Iranian President Hassan Rohani said today that the US has agreed to lift all major economic sanctions on Iran, including those on the banking and oil sectors. He said that only “small details” remain to be thrashed out when delegations return to Vienna next week to continue talks aimed at reviving the 2015 nuclear deal.
“There are still some issues that we are discussing to reach the final agreement… but the main issues — the oil sanctions, the sanctions on petrochemicals, on shipping, on insurance, on the central bank, the banking sector etc… they have agreed to all of these,” Rohani said.
“We have taken the main and biggest step — the main agreement has been reached”, and discussions on those key issues “have been concluded,” he said.
Iran, the US and the five other parties to the deal, known formally as the Joint Comprehensive Plan of Action (JCPOA), concluded a fourth round of negotiations yesterday. Delegates have returned to their respective countries and will reconvene in Vienna next week.
Rohani’s comments reflect some of the more optimistic voices coming out of yesterday’s meeting of the JCPOA Joint Commission. The EU deputy foreign affairs secretary Enrique Mora and Russian envoy to the talks Mikhail Ulyanov said yesterday that an agreement is “shaping up” and “within reach”, respectively.
But Iran’s own deputy foreign minister Abbas Araqchi, who has been leading the country’s delegation in Vienna, struck a more cautious tone. He said that while “a framework or structure” of an agreement has been reached, differences still remain on “some key issues.”
“We cannot yet say that the work has finished, but very good progress has been made, and we are hopeful that next week, when the talks resume, all delegations will have made the necessary decisions [in their capitals] to reach an agreement,” Araqchi said.
The US state department said that the discussions have “really helped to crystallize choices that need to be made by Iran, as well as the US in order to come back into a mutual return to compliance with the JCPOA,” but gave no hints as to how close the parties could be to a deal.
The toughest obstacle has been addressing sanctions that the previous US administration imposed between 2018 and 2020, which the current Washington government sees as “poison pills” designed to sabotage any return to the JCPOA. While Iran insists that all these sanctions need to be removed, the government of President Joe Biden has said it will only remove those that prevent the smooth functioning of the Iranian economy. These would include removing the ‘terrorism’ labels imposed on Iran’s central bank, state-owned NIOC and other oil sector entities, but Washington has serious reservations still over lifting the same level from Iran’s Islamic Revolutionary Guard Corps (IRGC) — a paramilitary force with extensive political and economic interests.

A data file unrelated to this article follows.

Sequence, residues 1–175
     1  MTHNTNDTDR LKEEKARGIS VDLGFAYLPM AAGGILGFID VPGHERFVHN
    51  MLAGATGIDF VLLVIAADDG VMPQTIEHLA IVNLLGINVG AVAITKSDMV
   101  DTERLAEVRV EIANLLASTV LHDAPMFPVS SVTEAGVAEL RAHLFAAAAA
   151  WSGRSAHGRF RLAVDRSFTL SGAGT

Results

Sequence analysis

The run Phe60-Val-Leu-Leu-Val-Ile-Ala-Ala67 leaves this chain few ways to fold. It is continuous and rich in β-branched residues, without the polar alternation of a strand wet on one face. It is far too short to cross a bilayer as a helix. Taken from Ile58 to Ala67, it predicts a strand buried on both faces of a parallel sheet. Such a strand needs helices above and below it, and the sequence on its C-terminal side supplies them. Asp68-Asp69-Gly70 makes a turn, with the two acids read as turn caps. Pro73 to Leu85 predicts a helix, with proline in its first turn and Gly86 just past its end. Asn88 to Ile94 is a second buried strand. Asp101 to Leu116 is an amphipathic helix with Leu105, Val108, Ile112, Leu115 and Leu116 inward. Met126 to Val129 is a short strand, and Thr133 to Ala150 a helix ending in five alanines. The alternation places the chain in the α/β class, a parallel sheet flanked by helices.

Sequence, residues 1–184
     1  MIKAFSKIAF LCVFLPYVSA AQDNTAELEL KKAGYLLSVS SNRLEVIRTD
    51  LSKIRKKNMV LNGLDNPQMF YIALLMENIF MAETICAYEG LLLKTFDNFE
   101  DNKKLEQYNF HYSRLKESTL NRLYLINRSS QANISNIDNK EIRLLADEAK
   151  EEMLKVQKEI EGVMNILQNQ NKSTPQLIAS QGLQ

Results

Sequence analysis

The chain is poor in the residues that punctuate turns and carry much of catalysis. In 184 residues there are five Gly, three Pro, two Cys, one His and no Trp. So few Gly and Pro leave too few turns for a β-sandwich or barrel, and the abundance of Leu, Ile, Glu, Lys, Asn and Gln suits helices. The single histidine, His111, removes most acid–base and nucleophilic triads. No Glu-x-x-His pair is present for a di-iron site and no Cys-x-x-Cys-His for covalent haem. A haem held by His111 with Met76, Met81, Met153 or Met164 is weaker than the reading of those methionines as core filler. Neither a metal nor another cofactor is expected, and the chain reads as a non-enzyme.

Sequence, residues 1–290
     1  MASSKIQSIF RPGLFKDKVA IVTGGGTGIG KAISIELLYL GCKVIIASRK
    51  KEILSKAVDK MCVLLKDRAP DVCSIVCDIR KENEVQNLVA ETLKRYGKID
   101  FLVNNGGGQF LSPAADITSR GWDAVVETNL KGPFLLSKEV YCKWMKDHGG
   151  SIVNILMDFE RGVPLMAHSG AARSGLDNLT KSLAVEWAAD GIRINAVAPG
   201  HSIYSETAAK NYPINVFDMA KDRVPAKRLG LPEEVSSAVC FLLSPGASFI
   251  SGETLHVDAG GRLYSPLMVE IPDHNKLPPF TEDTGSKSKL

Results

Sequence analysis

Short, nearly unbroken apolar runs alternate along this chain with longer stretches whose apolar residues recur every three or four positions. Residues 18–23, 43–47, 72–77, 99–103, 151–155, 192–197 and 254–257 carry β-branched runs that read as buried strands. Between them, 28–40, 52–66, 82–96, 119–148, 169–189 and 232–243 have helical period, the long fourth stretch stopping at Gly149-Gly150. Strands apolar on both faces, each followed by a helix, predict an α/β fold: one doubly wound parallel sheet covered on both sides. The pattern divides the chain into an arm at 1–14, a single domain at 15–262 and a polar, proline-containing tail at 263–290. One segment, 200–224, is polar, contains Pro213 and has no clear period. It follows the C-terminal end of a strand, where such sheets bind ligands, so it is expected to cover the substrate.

A breakthrough in Vienna should result in the lifting of sanctions that at one point removed more than 2mn b/d of Iranian crude from international markets and pushed the country’s production below 2mn b/d, to the lowest since the beginning of the Iran-Iraq war in the early 1980s. The prospect of Iranian crude returning to the market has pressured oil futures prices in recent days. Front-month Ice Brent fell by as much as 2pc today to just above $65/bl, having moved above $70/bl at the start of the week.
Iran has managed to raise its exports since the start of the year, with as much as 800,000 b/d heading to China in recent months. That outlet may be affected by a recent regulatory change in Beijing, after the handful of Chinese companies prepared to clear Iranian crude through customs ran out of import quotas in late April, and have since been warned against that practice.
A normalization of relations between Iran and Us, albeit limited, is very good news for Turkey, which was hurt in a major ay by the sanctions. If these were indeed to be lifted, she can procure oil at a cheaper prices form Iran. But, a bigger benefit is the wealth effect. That is, Iran selling more oil at higher prices to the rest of the world, with some of the proceeds going to Turkish goods and services.
Finally, to the extent, Iran coming onstream limits the rise in oil prices, Turkey’s import bill declines, helping to constrain the current account deficit.
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